Every year they participate in a 10K run at a marathon event. It promises excellent visibility and a chance to raise funds. The distance bar is deliberately set low so that people from both communities can participate.

When they announce the 10K run, they tell the corporate bosses, see, it’s just 10K, you can choose to walk or run and help a PwD at the same time. For PwDs with locomotor issues and for whom the hills are out of bounds, it is a distance they can be encouraged to practice for.

Participation can exceed 200 people where C suite bosses interact one on one with their PwD run partners. People from two extreme strata of society are running as one.

It makes one hell of a story for the brand in different theatres of sports.

To Tell A Memorable Story, Collaborate

The world where the CEO dictated the strategy based on the inputs from his close team is changing fast. It is not just the people at the top that take decisions today, nor is it the company mandarins.

Collaboration tools are inseparable from your work, and everyone gets a chance to pitch in.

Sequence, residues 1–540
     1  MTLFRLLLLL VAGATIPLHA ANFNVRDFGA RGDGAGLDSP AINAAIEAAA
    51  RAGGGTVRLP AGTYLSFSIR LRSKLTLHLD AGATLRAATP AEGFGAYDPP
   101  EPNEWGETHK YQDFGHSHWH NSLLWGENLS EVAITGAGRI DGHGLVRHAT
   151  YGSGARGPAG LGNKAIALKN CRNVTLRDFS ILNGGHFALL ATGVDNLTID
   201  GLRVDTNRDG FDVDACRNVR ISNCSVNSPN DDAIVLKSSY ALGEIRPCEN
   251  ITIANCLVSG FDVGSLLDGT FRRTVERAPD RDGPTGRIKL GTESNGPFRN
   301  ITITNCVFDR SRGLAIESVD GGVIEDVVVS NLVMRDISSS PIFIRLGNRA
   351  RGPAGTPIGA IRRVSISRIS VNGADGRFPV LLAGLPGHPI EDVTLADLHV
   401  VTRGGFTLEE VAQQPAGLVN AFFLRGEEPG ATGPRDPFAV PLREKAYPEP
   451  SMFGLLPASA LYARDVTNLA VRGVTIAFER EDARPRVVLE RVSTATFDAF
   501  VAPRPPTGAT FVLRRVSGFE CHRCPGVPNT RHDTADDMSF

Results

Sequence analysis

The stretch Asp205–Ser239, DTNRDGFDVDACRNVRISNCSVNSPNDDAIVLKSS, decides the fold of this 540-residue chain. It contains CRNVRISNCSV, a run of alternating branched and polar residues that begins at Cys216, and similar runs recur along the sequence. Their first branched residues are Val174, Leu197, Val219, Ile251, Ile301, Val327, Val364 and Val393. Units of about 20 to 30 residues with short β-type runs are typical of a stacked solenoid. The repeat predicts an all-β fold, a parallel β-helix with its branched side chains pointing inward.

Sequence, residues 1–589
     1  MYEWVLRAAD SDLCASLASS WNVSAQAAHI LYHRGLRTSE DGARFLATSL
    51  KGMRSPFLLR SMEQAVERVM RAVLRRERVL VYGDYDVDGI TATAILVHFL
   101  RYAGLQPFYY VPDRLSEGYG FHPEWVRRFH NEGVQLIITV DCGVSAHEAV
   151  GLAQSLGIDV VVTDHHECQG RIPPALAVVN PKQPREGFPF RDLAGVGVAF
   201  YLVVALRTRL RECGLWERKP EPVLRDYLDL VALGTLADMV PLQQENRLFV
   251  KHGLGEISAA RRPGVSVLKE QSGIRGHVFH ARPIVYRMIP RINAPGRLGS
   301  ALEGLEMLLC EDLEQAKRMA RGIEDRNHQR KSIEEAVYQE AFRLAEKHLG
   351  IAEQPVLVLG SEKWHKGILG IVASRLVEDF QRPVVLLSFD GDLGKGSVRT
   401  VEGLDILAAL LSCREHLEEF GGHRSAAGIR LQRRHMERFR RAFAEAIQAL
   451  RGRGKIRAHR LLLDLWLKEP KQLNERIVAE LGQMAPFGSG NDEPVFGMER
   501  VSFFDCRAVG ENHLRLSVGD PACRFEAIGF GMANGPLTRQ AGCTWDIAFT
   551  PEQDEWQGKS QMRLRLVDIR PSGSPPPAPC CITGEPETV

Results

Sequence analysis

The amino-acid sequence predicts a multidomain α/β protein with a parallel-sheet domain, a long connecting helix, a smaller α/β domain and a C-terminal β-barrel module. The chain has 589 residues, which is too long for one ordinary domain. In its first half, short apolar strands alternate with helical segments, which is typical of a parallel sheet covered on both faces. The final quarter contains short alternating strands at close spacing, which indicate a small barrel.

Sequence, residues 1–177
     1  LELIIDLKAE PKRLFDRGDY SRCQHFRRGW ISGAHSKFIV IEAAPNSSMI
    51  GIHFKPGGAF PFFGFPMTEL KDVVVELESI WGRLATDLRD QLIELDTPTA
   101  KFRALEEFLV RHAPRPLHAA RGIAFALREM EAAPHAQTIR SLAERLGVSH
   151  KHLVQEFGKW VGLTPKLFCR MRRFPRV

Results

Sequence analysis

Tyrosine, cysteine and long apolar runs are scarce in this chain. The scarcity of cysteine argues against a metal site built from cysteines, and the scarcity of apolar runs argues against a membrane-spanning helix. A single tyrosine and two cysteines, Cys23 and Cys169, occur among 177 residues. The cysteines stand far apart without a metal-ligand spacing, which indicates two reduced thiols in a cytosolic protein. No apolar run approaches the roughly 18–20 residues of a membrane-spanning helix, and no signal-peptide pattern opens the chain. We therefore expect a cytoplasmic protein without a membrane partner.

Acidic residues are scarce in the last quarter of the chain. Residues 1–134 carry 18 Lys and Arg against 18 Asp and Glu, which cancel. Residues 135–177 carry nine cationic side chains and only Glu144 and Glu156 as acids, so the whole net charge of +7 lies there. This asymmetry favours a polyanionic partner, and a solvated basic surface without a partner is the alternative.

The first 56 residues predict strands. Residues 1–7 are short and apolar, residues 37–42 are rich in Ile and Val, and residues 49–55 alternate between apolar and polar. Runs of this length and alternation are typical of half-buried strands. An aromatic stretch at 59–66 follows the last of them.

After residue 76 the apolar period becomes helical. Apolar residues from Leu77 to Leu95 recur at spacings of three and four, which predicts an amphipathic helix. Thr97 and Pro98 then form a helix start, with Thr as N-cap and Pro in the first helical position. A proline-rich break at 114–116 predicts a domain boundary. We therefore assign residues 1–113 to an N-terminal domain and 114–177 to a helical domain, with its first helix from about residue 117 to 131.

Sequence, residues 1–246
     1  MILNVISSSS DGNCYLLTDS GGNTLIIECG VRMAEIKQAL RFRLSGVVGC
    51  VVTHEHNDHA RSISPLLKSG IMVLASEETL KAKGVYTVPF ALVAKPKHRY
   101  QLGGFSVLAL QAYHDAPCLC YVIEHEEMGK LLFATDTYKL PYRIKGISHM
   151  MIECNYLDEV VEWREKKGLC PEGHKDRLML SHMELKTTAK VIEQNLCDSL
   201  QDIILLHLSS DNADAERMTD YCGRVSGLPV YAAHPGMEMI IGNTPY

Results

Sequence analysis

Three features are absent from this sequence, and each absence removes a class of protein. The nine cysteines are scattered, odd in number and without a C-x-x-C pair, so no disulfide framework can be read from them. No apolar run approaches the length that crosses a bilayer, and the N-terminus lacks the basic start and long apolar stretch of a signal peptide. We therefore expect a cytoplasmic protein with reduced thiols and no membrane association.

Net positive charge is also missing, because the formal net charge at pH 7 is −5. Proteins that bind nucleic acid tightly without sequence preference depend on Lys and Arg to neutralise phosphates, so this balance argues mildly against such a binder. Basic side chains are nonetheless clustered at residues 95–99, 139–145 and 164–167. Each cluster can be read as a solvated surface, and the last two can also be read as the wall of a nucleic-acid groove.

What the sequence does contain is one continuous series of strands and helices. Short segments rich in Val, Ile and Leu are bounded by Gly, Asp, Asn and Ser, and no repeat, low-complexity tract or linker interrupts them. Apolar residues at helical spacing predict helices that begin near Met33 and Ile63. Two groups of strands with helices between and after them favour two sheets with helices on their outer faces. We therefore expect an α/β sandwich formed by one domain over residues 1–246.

More people have a say in how the story is told because they are the stakeholders in it. Different voices add credibility to the story. That makes it more likely to bring in results.

The Brand ABBF’s story is a collaborative story is owned by many who have a part in telling it. This shared ownership drives results. Each PwD and able bodied participant becomes the ABBF Story ambassador, amplifying the message of inclusion where the ABBF’s team cannot.

How To Build Your Brand Story

1. Set A Context For Your Brand

To get the context right, you can ask your team to put together answers to some indicative questions. They should address the fine balance between the supply and demand for your brand.

  1. What does your brand do?